Directed by Benny Chan

Eternal values, amped up with the historical costume drama of ancient feuding warlords and Shaolin monks fervidly schooled in the martial arts. Lovely ladies (one of the loveliest here: Fan Bingbing), exquisitely choreographed fight scenes–no special effects needed, as the timing and precision movements are impeccably performed throughout this rev-tempo film–and scripting that evokes empathy, enraptured involvement, sadness, awe from time to time, even tears. The monks are experts in fighting, but deeply compassionate and committed, to aiding the weak and hungry… and to not killing.

Stern, uncompromising General Hou (Andy Lau) opens the hostilities with his violence and take-no-prisoners ruthlessness in the place of no killing, the shaolin temple. Betrayed by fellow General Cao Man (Nicholas Tse), Hou is forced into monkish hiding at the Shaolins' hidden mountain retreat. Through his daily working with martial Zen, he expiates his furies and rage, though that does not deflect the vengeful tactics of his former 'brother' in arms, Cao.

'Brother' fighters fight over the conquest of a city, a gold purse handsome enough for many cannon, instant betrothals, and dominance issues. Children are involved, piteously requiring protection and succor. Gorgeous monasteries vie with mountain vistas and misty fortresses. Explosions. Swordplay. Chariot chases along narrow crevasse passes with uncertain footing. Knives and guns. (What could be bad?)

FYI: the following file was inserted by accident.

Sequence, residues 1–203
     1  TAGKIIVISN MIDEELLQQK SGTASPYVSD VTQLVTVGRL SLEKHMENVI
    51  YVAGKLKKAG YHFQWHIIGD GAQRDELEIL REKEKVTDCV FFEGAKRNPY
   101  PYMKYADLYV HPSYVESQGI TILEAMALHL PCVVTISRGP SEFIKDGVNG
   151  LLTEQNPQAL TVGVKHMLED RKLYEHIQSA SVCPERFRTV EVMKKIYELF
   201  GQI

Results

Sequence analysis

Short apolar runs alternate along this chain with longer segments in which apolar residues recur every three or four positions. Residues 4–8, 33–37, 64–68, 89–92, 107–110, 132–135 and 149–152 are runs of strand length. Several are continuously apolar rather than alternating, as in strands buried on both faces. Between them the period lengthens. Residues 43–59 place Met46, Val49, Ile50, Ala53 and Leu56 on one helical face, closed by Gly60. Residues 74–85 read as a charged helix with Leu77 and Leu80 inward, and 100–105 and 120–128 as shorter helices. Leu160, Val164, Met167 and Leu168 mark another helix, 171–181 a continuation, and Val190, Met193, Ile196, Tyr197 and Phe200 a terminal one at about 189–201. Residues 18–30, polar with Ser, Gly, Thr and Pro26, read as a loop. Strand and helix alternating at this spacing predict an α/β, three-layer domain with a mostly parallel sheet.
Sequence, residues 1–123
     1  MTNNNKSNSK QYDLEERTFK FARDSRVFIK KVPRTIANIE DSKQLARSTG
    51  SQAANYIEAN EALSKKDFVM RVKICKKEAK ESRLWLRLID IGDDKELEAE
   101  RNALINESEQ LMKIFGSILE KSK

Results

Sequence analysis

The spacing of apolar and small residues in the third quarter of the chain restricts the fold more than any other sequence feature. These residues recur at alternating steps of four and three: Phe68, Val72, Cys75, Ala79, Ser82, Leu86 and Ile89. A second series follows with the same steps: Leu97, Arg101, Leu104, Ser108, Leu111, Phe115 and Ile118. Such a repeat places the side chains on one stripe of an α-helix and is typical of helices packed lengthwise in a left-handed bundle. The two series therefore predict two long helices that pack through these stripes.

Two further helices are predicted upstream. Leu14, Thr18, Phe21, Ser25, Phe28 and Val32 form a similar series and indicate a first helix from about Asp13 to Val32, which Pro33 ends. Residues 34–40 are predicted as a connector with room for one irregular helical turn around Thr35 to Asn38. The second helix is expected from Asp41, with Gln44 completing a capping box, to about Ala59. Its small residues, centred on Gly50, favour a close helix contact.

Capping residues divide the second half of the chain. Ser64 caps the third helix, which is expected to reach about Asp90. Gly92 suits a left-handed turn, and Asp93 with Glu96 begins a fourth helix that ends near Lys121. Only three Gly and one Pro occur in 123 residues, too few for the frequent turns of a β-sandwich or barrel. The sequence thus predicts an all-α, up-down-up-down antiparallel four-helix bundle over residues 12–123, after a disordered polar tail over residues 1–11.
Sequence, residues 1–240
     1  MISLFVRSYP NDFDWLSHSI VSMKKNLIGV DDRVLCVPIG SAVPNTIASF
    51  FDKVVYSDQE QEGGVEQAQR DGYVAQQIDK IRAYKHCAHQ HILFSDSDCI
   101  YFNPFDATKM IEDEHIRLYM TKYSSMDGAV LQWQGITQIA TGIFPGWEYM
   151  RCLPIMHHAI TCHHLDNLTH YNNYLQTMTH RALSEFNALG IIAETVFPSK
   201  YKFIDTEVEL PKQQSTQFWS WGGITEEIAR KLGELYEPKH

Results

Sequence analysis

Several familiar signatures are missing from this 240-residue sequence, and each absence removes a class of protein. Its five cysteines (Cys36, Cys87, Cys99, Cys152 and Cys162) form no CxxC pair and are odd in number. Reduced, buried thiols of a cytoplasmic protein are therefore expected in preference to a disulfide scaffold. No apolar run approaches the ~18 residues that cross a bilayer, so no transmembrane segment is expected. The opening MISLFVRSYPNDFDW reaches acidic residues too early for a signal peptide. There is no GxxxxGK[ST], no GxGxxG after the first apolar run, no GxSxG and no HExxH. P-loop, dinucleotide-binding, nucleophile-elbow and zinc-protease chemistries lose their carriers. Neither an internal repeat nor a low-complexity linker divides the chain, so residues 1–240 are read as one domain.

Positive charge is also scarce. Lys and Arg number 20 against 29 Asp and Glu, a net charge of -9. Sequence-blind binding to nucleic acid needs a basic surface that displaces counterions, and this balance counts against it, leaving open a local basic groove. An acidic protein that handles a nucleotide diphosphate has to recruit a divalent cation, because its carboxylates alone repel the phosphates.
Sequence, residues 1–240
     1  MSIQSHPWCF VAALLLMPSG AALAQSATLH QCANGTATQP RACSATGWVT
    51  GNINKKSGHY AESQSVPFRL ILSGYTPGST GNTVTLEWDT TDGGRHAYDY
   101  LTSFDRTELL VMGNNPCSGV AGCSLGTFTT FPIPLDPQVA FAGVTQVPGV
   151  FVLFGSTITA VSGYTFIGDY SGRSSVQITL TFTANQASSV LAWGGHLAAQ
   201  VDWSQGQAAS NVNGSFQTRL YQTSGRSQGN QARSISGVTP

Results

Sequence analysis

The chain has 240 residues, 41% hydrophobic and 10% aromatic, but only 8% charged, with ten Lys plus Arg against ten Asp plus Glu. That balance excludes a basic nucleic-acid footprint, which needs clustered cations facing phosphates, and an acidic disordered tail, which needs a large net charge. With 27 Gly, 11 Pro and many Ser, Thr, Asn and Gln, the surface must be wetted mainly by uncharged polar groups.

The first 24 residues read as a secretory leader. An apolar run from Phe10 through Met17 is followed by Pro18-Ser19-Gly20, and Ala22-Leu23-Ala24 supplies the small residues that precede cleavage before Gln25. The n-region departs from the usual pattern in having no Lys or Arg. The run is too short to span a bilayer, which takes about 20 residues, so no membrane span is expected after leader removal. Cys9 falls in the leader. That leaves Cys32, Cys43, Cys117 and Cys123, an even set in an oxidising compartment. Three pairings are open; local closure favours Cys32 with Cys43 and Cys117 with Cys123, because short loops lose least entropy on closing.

A peak experience, as one of my husbands used to opine, also includes the pleasure of a classic genial pixie we all love: Jackie Chan, playing a cook who knows from nothing in the martial arts. His bonhomie is infectious, he is willing to be as shabby as a bumpkin cook can look, in ramshackle outfits and even more mote-inflected venues–the casting is a knockout.

Strong men. Powerful images. A satisfying fight movie (a touch too long, but never mind) for kids, teens and adults who are enamored of the shaolin life, rigorous discipline and masterful boxing.

And the one geyjin in the film, a bearded Anglo gun merchant who speaks immaculate Mandarin, speaks one line in English during the 2 1/4 hrs. What is funny is that his crystal-clear English is subtitled–in English. Flash: Did they mean to subtitle it for Asian viewers into Chinese?

Zie chi'en — be good, so long. Don't bring the littlest. But for the King Fu, Tai Chi or Krav Maga addicts amongst you, this is a meaty if sanguinary entrée.


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